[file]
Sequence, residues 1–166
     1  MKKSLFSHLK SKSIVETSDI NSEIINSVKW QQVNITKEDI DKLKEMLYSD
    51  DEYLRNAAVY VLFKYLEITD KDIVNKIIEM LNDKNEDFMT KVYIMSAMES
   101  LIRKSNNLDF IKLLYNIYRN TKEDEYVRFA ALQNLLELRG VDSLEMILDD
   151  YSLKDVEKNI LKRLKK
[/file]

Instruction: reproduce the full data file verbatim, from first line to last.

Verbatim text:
Sequence, residues 1–166
     1  MKKSLFSHLK SKSIVETSDI NSEIINSVKW QQVNITKEDI DKLKEMLYSD
    51  DEYLRNAAVY VLFKYLEITD KDIVNKIIEM LNDKNEDFMT KVYIMSAMES
   101  LIRKSNNLDF IKLLYNIYRN TKEDEYVRFA ALQNLLELRG VDSLEMILDD
   151  YSLKDVEKNI LKRLKK